UX insight: Flight booking behaviours in Asia and three crucial lessons to help boost your conversion rate.
One of the things I love about my job is field research—the part that involves contextual enquiries, ethnographic studies, one-on-one interviews, usability testing, card sorting—not just because it involves interacting with users, but also because it appeals to my fascination with human behaviour. As designers who often start out with the hint of an idea and a heavy dose of intuition, field research becomes the guiding light that validates our approach. And it is a gold mine of insights on how people think and behave—and if you dig deeper—into the human psyche itself.
We recently did a comparative test of two airlines in Asia, MalaysiaAirlines.com and SingaporeAirlines.com, to understand the flight search and booking behaviour of travellers. We recruited participants aged between 25 – 40 to find, compare and book a trip using these two websites at the XM Consumer Experience Lab using a think aloud protocol. We used our shiny Tobii eye tracker to measure user attention, and also gathered qualitative feedback on the booking experience at the end of the session.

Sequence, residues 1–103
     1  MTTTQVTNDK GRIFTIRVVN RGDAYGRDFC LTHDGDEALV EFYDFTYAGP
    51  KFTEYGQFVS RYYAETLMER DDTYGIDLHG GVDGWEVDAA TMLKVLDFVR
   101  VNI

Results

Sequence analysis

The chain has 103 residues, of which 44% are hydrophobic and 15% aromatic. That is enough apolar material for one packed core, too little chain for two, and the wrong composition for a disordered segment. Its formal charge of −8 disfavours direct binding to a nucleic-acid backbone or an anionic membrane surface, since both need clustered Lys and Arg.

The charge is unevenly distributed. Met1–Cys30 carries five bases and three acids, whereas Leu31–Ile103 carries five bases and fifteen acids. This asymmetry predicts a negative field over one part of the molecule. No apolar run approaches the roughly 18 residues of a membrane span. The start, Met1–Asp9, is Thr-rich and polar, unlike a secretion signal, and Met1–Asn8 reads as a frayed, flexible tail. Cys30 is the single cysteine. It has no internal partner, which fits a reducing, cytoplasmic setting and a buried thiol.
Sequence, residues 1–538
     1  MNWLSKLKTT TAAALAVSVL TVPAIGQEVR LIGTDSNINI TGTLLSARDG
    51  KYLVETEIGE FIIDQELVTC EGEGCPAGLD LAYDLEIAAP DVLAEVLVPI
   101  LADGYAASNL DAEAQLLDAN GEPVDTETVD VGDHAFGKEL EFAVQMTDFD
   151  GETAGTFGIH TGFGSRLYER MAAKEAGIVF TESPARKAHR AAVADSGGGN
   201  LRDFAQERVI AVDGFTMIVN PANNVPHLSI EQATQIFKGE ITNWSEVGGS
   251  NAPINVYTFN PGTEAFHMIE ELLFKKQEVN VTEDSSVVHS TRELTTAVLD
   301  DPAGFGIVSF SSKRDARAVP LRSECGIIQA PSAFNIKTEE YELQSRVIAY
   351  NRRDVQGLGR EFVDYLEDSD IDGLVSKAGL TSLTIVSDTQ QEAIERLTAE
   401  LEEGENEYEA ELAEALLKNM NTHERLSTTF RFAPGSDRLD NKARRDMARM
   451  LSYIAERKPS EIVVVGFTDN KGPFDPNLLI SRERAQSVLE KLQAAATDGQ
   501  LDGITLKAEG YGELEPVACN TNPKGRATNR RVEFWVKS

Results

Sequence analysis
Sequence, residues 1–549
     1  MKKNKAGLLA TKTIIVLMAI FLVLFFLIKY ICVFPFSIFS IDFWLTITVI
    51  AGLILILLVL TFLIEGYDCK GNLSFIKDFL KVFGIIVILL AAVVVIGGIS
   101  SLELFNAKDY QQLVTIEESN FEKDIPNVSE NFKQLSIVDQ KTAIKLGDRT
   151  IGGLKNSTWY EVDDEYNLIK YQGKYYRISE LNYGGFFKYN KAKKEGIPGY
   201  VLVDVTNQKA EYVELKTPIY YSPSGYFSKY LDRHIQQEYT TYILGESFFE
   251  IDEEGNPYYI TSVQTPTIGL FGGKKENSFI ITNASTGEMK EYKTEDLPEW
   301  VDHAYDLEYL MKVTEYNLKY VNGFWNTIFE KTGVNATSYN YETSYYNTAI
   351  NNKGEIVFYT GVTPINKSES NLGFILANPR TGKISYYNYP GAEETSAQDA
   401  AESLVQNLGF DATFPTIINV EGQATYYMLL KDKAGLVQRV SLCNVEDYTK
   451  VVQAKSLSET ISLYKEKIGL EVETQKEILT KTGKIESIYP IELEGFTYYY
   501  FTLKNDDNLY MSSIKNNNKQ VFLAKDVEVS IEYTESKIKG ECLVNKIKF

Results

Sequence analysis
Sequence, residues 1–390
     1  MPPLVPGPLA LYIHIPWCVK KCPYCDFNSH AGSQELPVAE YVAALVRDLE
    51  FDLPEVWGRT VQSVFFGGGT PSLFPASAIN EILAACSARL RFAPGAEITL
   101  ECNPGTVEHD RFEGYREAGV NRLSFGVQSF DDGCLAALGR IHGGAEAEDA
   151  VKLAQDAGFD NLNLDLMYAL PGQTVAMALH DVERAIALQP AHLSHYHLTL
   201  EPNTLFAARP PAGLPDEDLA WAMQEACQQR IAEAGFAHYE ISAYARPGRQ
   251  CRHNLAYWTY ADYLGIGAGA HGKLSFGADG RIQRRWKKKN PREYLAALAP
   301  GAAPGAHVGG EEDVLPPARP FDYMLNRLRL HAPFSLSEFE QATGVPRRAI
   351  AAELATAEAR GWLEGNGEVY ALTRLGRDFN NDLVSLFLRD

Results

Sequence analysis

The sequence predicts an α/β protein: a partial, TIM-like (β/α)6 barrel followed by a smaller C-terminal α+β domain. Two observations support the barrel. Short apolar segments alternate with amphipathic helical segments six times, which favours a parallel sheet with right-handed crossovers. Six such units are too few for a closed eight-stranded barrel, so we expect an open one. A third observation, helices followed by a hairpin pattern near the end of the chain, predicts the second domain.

Banner blindness prevails on the homepage
Jakob Nielsen has tested and written much about banner blindness in the past, but what stood out very clearly with both the sites we tested was that users don’t just ignore ads; they have learnt over time, to ignore anything that looks like an advertisement.
The majority of the users we tested focused predominantly on content surrounding the key visual areas on both homepages, ignoring the large, very visual image that was featured in a prominent position. This was true for users, regardless of how familiar or unfamiliar they were with the two websites. Even an animated image carousel on the Malaysia Airlines homepage didn’t do much to engage these users.
The heatmaps below show concentration of participants’ attention as an average. Areas in red indicate areas that are the most looked at by users.
At left is the home page for Singapore Airlines and at right the home page for Malaysia Airlines. The key visual areas on the home pages of both Web sites go unnoticed by the majority of users due, we theorize, to a form of banner blindness.